Home sick

Despite millions in government funding, addiction recovery homes in Vancouver operate without clear definitions of success while Welcome Home, a private abstinence-based facility in Surrey, says it measures success in sobriety

The face of recovery. Bright. Smiling. Hopeful.

Nick Runowski, a handsome 28-year-old with blue eyes and matching blazer, can't help but smile. "I have my life back. I feel feelings. I have emotions. I have my family back in my life. I have mentorship, fellowship. I'm probably living a better life than 90 per cent of people out there."

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Runowski took his first drink at 13. Adding cocaine and OxyContin to the mix, he graduated from user to dealer. In Vancouver's Downtown Eastside, he dealt drugs to feed his addictions. His life was dark, his future bleak. Until Oct. 15, 2009, when he walked into Welcome Home, an abstinence-based residential recovery home straddling the King George Highway in Surrey.

He's been clean and sober ever since.

Last fiscal year, the provincial government spent $1.3 billion on mental health and addictions services. In this era of harm reduction, high-profile initiatives (the Insite supervised injection site, the methadone maintenance program) seek to mitigate the effects of drug abuse (disease transmission, drug-related crime) while the concept of abstinence-based treatment fades from public consciousness.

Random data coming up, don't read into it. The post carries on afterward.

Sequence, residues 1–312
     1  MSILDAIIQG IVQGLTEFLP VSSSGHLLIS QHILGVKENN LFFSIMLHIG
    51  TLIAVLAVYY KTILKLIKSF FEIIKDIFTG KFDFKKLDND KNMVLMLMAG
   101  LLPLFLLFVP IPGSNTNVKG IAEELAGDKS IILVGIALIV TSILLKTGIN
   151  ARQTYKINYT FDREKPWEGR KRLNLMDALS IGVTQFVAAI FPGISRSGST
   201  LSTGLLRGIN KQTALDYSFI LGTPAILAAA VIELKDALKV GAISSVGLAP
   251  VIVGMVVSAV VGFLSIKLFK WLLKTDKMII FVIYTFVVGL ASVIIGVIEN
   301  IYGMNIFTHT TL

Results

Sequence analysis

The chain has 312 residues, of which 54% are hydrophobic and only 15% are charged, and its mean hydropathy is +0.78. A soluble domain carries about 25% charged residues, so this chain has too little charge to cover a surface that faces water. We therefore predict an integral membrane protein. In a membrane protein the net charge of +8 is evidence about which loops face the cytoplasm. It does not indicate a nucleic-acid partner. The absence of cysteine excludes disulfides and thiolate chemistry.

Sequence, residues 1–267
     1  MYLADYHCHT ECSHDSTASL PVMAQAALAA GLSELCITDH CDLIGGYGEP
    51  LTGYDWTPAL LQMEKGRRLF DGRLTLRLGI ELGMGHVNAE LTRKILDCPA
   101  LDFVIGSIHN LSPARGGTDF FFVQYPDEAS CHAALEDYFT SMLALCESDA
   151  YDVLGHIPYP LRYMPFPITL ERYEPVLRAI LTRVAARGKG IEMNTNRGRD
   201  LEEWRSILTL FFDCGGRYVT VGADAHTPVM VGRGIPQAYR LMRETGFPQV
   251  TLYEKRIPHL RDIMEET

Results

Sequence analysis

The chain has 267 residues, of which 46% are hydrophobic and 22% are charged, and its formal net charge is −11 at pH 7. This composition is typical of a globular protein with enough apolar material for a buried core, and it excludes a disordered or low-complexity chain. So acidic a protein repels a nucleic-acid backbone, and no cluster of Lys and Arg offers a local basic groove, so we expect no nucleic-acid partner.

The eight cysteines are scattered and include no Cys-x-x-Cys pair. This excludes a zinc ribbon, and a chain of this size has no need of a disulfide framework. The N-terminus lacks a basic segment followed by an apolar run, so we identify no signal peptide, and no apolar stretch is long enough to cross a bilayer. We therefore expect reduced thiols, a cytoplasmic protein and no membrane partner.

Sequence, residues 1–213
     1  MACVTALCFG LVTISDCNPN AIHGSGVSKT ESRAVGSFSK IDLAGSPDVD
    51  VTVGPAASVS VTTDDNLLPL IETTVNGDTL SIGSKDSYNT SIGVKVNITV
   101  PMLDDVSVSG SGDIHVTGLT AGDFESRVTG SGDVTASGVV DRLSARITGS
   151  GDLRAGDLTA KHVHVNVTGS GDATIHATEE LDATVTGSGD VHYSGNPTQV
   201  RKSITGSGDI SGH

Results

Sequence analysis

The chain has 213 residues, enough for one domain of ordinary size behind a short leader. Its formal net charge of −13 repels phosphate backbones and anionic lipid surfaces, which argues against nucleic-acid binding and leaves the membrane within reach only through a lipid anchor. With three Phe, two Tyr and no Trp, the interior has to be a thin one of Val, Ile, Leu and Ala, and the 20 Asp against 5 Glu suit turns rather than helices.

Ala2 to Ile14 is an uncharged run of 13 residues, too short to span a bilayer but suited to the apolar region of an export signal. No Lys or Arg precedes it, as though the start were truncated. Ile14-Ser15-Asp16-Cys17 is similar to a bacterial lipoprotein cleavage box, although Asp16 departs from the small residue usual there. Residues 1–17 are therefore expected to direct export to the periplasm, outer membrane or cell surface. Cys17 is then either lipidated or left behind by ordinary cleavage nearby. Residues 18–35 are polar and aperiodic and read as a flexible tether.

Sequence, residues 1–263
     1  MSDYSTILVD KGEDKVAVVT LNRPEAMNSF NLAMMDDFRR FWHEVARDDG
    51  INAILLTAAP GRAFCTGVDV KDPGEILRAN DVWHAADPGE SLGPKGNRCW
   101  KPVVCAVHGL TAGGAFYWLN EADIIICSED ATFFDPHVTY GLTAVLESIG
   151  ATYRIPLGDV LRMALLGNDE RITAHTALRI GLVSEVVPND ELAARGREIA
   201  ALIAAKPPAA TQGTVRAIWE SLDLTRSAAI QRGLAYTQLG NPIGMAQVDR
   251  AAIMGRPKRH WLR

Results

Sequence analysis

Meanwhile, the Ministry of Health, through Vancouver Coastal Health, helps bankroll five addiction recovery homes in Vancouver. The homes operate in a bureaucratic nebula with limited oversight, relative mandates and anecdotal evidence of success. And all five homes embrace varying degrees of harm reduction, where addicts may continue using drugs while in residence.

Conversely, Welcome Home's strict abstinence-based approach sets clear guidelines: no drugs, no alcohol, no exceptions. Success is measured in sobriety. Among Vancouver's government-funded recovery homes, there's nothing like Welcome Home.

Back at the Welcome Home cafeteria in Surrey, Nick Runowski shakes his head and reflects on his new life without drugs and alcohol. "It was very tough for the first few months," says Runowski, who was born in Vancouver but raised in Surrey. "This is not just a recovery house, it's a life-skills academy."

Founded in 2009 by millionaire businessman John Volken, former owner of United Furniture Warehouse, the facility accommodates 22 recovering addicts (20 men, two women) who live in five houses on King George Highway near 72nd Avenue. They work across the street at Welcome Home's Costco-style general merchandise store.

Except for a $387 registration fee, the program is free, funded by revenue from the store and The John Volken Foundation. Welcome Home has never applied for government funding.